The Moviehunter

Pulp Culture
'The Cell' is
both beautiful
and grotesque

August 24, 2000
By Franklin Harris

Viewing both "The Cell" and "Godzilla 2000" during the same weekend can give you the moviegoing equivalent of whiplash. It's hard to imagine two more different movies. One is a stylish and often disturbing thriller, while the other is a big, dumb mutt begging you to love it. You can guess which is which.

"The Cell" is proving to be a polarizing movie. There are a few critics who love it, and then there are legions who think it is not only a bad movie but a dangerous one, too.

Frankly, I'm having a difficult time working up much passion for "The Cell" one way or the other.

Jennifer Lopez enters the mind of a killer in ''The Cell.''
Courtesy Photo © Copyright New Line Cinema
Jennifer Lopez enters the mind of a killer in "The Cell."
Jennifer Lopez plays child psychologist Catharine Deane, who is part of a pharmaceutical company's experimental program to allow psychiatrists to literally enter the minds of catatonic patients.

Deane's patient, the son of the company's owner, is trapped in a mental dessert wasteland, held hostage by his own fears, which manifest themselves as a literal boogeyman. But the boy takes back seat when the FBI calls in Deane to enter the mind of a serial killer.

Vincent D'Onofrio had made a career out of playing psychopaths, but Carl Stargher is by far his most disturbed character yet.

Stargher kidnaps young women and locks them in an automated, bulletproof-glass cell. He leaves them there alone for a few days, cameras videotaping their suffering, until, finally, a timer goes off, and the cell fills with water, drowning its occupant.

What Stargher does to the bodies is probably the most disturbing part of the film, and I won't recount his ghoulish practices here.

Fortunately, the FBI is closing in on Stargher, and they find him within the first few minutes of the film. Unfortunately, they don't find him until after he has kidnapped one last victim, who is locked in the cell and is only hours away from drowning. And to make matters worse, by the time the FBI finds Stargher, he has had a seizure that has rendered him irreversibly catatonic.

So, it's up to Deane to enter Stargher's mind and, with the help of FBI Agent Peter Novak (Vince Vaughn), get Stargher's subconscious mind to confess the girl's location.

But Stargher's mind is both a beautiful and grotesque place, ruled by an even more twisted and monstrous version of Stargher, who is given to dressing like Gary Oldman in Francis Ford Coppola's "Bram Stoker's Dracula." (This is no coincidence; both films have the same costume designer.) And if Deane and Novak start to believe Stargher's horrific unreality is real, they will become trapped in it forever.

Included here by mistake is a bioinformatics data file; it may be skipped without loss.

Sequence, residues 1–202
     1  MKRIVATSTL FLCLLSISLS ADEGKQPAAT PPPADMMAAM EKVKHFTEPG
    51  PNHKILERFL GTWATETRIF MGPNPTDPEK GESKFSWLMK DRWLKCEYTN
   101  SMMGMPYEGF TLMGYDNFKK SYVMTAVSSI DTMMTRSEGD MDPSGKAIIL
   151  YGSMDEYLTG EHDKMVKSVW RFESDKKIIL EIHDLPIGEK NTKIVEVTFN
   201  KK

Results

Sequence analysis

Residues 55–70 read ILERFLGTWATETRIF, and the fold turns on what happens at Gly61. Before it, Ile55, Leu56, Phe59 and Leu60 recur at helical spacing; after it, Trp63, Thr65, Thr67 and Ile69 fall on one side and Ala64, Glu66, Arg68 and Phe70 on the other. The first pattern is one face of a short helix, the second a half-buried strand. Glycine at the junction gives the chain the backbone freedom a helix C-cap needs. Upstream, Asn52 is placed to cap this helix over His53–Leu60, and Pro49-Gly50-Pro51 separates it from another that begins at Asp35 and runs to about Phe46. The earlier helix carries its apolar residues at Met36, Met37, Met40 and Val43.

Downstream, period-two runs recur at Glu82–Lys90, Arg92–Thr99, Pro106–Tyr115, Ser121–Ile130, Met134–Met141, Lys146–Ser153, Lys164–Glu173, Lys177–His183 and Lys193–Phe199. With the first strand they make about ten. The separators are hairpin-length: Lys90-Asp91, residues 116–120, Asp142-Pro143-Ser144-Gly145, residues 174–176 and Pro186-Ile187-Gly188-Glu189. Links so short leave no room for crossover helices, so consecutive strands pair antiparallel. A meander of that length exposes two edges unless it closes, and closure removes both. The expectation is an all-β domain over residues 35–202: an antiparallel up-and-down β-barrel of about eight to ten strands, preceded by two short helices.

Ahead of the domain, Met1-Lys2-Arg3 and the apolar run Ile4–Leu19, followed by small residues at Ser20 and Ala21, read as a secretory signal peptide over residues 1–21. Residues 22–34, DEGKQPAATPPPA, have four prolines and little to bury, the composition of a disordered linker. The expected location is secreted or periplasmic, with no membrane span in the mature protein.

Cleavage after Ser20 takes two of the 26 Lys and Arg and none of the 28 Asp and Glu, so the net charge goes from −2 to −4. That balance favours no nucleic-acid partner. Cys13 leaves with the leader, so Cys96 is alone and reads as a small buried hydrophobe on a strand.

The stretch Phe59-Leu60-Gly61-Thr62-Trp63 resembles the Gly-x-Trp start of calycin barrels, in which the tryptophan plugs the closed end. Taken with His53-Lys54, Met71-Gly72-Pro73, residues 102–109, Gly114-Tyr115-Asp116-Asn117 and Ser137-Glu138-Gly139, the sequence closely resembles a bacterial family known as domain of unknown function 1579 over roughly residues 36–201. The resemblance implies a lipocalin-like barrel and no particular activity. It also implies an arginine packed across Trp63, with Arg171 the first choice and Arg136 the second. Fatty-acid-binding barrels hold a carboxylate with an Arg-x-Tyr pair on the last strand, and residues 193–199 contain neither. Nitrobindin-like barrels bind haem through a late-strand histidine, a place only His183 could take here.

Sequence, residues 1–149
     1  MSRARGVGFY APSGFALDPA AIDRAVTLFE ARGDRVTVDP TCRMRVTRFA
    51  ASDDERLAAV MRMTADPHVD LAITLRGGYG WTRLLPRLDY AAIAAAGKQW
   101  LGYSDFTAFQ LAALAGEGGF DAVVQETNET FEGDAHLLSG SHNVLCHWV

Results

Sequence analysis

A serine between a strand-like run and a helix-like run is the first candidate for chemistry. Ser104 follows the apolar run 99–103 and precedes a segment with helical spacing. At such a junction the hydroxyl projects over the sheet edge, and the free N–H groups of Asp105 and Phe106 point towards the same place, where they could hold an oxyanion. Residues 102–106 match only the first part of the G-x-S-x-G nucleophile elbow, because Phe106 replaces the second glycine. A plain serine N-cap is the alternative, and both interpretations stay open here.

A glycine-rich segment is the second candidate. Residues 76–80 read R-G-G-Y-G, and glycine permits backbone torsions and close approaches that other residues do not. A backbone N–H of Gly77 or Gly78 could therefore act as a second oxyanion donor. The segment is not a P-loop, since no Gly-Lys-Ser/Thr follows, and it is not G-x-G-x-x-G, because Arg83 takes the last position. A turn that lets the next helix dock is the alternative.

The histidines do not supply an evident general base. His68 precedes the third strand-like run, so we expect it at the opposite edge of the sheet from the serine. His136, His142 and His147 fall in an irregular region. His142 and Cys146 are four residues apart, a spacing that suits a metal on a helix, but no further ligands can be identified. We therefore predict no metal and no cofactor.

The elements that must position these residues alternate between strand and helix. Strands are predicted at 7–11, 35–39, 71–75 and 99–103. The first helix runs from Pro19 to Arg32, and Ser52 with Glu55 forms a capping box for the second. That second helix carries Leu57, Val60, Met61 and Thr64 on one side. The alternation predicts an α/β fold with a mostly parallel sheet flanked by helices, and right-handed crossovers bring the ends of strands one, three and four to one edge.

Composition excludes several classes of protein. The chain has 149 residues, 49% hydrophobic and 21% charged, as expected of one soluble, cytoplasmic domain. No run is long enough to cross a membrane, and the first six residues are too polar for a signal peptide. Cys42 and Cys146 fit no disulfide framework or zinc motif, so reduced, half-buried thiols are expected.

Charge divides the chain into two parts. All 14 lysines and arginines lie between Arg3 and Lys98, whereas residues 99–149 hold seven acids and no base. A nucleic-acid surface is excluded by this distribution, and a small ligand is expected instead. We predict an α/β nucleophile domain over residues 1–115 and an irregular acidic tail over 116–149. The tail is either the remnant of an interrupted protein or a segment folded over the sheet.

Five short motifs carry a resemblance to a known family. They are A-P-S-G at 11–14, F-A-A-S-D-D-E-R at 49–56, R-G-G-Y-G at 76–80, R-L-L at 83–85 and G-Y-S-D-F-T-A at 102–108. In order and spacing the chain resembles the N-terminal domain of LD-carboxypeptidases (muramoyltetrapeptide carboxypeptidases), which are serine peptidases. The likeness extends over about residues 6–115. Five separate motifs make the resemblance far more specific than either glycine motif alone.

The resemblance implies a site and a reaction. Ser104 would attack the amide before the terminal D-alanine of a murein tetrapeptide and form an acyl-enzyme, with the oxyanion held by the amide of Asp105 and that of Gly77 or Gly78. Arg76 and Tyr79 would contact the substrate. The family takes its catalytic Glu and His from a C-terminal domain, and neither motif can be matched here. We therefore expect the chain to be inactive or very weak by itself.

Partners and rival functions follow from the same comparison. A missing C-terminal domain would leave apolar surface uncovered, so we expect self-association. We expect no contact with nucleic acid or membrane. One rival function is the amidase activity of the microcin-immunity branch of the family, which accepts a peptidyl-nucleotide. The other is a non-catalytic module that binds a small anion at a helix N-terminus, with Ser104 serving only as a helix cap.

The buzz on "The Cell" is that it is "The Silence of the Lambs" meets "The Matrix." But the idea of decent people having to enter the minds of killers has become something of a cliché, and the film's virtual-reality special effects are more reminiscent of "What Dreams May Come" than of "The Matrix."

Ultimately, "The Cell" is that hardest of movies to review: the muddle. Most of the acting is passable. Lopez and Vaughn don't embarrass themselves, but you can't help but imagine that there must have been someone better for the parts, especially in Lopez's case. D'Onofrio, meanwhile, is excellent, as he should be given that he has so much experience with these kinds of roles.

The story, which dares us to have sympathy for the devil, is compelling, but only up to a point. It can't quite fill nearly two hours of running time.

But what finally makes "The Cell" more of a hit than a miss is the sheer beauty of it. It is a stunning and disturbing film to watch. And director Tarsem Singh does an excellent job for one whose experience is limited mostly to directing music videos. That MTV style usually results in incomprehensible messes like "Armageddon."

''Bring me the head of Roland Emmerich!''
Courtesy Photo © Copyright TriStar Pictures Inc.
"Bring me the head of Roland Emmerich!"
I much preferred "The Cell" to "Godzilla 2000," which managed to do the one thing I least expected of it. It bored me.

Granted, "Godzilla 2000" is better than Dean Devlin and Roland Emmerich's 1998 American version, but I'm damning it with faint praise.

This time around, Godzilla tangles with a UFO, which gets to the heart of the film's problem. The UFO, and the creature it spawns late in the film, simply aren't compelling monsters. There was a time when Godzilla battled monsters that had personality: Mothra, Rodan, Monster Zero and so on. But the nameless UFO creature of "Godzilla 2000," like the monsters of the last few Japanese-produced Godzilla films, is just plain dull. And, come to think of it, Godzilla is a bit stiff, too.

"Godzilla 2000" is for die-hard Godzilla fans only, which may explain why even the audience of pre-adolescents with whom I saw it was largely unimpressed.

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